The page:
England defender Harry Maguire wants supporters to show the country in a good light as the Football Association (FA) launches a campaign targeting "stag-do culture" among fans ahead of next week's Nations League Finals in Portugal.
Gareth Southgate's team face Netherlands in Guimaraes next Thursday, with the possibility of a final against either Switzerland or hosts Portugal in Porto three days later, as the Three Lions continue to build positively on a surprise run to the semi-finals of the 2018 World Cup.
However, that progress on the field has not always been mirrored away from stadiums, with instances of anti-social behaviour from travelling supporters marring England trips to Dortmund, Amsterdam and Seville over the past couple of years.
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In a new short video entitled 'Don't Be That Idiot', the FA has re-created instances of misbehaviour from football fans – namely throwing a bicycle into a canal, standing on a car bonnet and throwing beer – in formal social settings to highlight how unacceptable such actions are.
The film closes with Southgate telling supporters: "You're part of our team, make the country proud."
Leicester City centre-back Maguire, who famously travelled to Euro 2016 as a fan before making his breakthrough at international level, sounded a similar tone.
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"You've seen over the years that England always take numbers out and the support they give the team is really special," he said. "It's a time for them to show off the pitch, and us to show on the pitch, that we're a country moving forward.
"Go and have a good time but there needs to be boundaries and I'm sure they will stick to them.
"I can only speak about when I was there for the Euros and it was unbelievable out there. The atmosphere they created was unbelievable and hopefully they will continue that."
FA head of security Tony Conniford expects around 15,000 England fans to be on the ground for the game against Netherlands at Estadio D. Afonso Henriques, which has a tournament capacity of 26,500.
The Three Lions will be involved in either a third-place match or final on Sunday, June 8, by which time there will be an estimated 18,000 travelling fans from England in attendance.
"I have been involved in football now for 26 years in one role or another, with the police and the FA, and we have gone from the organised violence days to, more recently, a growing number who become involved in this anti-social behaviour," Conniford said.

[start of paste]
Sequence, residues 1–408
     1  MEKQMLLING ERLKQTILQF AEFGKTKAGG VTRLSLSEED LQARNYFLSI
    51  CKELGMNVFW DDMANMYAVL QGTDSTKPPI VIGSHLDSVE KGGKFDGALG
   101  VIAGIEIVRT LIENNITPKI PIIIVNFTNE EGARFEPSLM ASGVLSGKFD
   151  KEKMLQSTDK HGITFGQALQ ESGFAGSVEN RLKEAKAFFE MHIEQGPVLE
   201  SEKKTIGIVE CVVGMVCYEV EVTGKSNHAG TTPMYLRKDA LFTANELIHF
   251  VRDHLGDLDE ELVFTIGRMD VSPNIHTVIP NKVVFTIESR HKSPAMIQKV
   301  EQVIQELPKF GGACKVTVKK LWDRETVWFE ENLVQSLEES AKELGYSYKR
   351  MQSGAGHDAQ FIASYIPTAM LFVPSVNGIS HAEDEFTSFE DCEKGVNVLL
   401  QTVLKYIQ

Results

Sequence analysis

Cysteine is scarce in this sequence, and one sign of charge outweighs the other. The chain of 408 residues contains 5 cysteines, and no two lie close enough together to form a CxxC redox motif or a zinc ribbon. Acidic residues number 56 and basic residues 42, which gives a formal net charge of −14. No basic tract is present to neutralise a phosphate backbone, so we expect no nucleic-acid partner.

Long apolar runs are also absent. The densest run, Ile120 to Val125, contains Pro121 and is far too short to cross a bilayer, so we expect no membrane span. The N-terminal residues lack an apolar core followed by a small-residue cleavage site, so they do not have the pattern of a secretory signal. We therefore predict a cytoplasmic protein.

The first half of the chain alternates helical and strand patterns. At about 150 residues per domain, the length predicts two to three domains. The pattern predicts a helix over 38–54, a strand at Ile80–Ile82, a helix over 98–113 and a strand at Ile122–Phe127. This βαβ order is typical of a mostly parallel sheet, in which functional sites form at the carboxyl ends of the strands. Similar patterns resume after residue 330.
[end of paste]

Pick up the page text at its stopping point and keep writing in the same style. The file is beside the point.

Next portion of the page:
"A lot of it is alcohol-fuelled and there almost becomes an acceptance that because you are at the football, anything goes.
"I find that difficult to buy into and people need to have a look at themselves and start to think, 'If my relatives, wife or children were here with me, would it be an enjoyable experience?' And the answer is 'no'."
Conniford, formerly assistant director at the UK Football Policing Unit, explained that "stag-do culture" has been identified as a problem among a section of England's away support.
"I don't want to stereotype people and put everybody into a box. That is very dangerous," he said.
"But it would be stupid to say we had not recognised groups of young, adult males booking together are the ones we are more concerned about.
"It's that holiday, stag-do culture where young guys get together and suddenly anything goes."
Another persistent stain are offensive chants, referencing wars, that continue to be sung by some elements.
"For as long as I can remember, unfortunately, I think I've heard the German bomber song in every foreign country I've been to," Conniford added.
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"We've tried to educate people that those songs cause offence and unfortunately, as we all know too well in football, football chants have a habit of coming back all the time and it doesn't matter what you say or what you do.
"But if we hear people doing that and we can evidence that people have been chanting offensive stuff then, as an Association, they're gone from our membership. We won't tolerate it."
Between September 2013 and March 2019, the FA issued 127 suspensions and 237 warnings to members of the England Supporters' Travel Club, which is approximately 13,000 strong.